Before listing a lot of questions and answers it is good to know how Speed Camera Warning systems work, and how you can sometimes get “False Alerts” or sometimes no alerts when driving on the roads.
GPS Speed Camera warning systems will never be perfect. There are a number of problems that could be overcome, but as with everything in life it is a balance between cost and functionality. The perfect Speed Camera Alerting system would be prohibitively expensive, so we must accept some limitations which will either give us false warnings or late warnings.
Please remember that the Speed Camera warning system is exactly that: a warning system. It is not designed to help you break the law or drive dangerously or in an inconsiderate manner. If, as the authorities claim, the Speed Cameras are placed at accident black spots then this helps you become more aware of unfamiliar road incident areas.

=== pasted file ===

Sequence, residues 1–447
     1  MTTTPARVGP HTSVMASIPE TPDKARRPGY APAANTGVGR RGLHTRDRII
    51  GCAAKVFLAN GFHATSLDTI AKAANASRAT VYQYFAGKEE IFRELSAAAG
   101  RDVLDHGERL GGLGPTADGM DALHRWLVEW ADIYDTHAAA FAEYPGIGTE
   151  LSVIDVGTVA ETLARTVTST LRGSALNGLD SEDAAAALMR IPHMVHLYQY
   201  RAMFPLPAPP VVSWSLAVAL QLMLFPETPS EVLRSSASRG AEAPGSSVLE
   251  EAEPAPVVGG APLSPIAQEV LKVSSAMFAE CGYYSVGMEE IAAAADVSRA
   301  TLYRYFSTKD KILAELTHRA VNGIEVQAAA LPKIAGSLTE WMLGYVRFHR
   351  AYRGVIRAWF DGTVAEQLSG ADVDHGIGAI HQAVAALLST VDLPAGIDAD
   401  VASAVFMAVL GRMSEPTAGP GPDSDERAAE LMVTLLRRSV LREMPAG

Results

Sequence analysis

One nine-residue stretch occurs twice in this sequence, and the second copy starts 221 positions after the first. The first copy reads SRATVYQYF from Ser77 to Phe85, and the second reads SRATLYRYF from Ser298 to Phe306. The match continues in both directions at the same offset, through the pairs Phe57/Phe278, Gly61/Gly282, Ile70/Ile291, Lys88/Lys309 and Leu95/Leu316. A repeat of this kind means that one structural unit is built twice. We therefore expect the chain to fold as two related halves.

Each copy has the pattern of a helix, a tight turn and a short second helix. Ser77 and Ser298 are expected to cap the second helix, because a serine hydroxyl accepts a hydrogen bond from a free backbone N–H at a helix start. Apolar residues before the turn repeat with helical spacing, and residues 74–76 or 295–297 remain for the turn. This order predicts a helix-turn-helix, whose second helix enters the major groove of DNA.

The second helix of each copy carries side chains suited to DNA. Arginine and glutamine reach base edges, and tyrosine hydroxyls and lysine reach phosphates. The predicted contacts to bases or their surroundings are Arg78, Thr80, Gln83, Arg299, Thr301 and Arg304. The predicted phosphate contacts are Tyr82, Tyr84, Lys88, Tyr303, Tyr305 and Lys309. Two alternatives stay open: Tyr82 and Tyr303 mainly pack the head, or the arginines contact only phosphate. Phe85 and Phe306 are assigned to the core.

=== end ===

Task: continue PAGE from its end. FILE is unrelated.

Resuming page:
Maintaining the database
The Speed Camera database is continually changing as new cameras are found and existing ones change either location, speed or direction of operation. We have thousands of camera spotters telling us where these changes are happening. We then have teams of verifiers who check the reports for accuracy and try to add additional information to each location. Finally the whole process is tied together by admin staff who make the final adjustments in the database. We believe that this moderated community collection is the ultimate method to keep the database up to date.
How Speed Camera Alert Systems work